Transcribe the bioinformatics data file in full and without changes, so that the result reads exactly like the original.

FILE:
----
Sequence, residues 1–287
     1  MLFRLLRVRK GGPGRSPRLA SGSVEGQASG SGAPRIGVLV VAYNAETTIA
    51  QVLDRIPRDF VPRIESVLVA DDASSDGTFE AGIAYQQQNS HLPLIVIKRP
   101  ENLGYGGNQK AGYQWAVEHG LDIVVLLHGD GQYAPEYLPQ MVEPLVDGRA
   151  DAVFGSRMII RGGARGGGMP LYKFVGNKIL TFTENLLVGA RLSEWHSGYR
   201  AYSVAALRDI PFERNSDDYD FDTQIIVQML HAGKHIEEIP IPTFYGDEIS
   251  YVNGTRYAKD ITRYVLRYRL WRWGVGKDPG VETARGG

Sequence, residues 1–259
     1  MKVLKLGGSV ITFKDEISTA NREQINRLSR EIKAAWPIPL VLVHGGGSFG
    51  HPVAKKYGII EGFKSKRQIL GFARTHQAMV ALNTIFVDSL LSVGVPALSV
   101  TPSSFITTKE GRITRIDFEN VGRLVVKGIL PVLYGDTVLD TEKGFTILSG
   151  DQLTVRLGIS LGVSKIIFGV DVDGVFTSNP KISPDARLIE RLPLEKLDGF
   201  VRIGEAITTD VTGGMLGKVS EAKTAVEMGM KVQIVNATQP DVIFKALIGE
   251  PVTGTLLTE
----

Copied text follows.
Sequence, residues 1–287
     1  MLFRLLRVRK GGPGRSPRLA SGSVEGQASG SGAPRIGVLV VAYNAETTIA
    51  QVLDRIPRDF VPRIESVLVA DDASSDGTFE AGIAYQQQNS HLPLIVIKRP
   101  ENLGYGGNQK AGYQWAVEHG LDIVVLLHGD GQYAPEYLPQ MVEPLVDGRA
   151  DAVFGSRMII RGGARGGGMP LYKFVGNKIL TFTENLLVGA RLSEWHSGYR
   201  AYSVAALRDI PFERNSDDYD FDTQIIVQML HAGKHIEEIP IPTFYGDEIS
   251  YVNGTRYAKD ITRYVLRYRL WRWGVGKDPG VETARGG

Sequence, residues 1–259
     1  MKVLKLGGSV ITFKDEISTA NREQINRLSR EIKAAWPIPL VLVHGGGSFG
    51  HPVAKKYGII EGFKSKRQIL GFARTHQAMV ALNTIFVDSL LSVGVPALSV
   101  TPSSFITTKE GRITRIDFEN VGRLVVKGIL PVLYGDTVLD TEKGFTILSG
   151  DQLTVRLGIS LGVSKIIFGV DVDGVFTSNP KISPDARLIE RLPLEKLDGF
   201  VRIGEAITTD VTGGMLGKVS EAKTAVEMGM KVQIVNATQP DVIFKALIGE
   251  PVTGTLLTE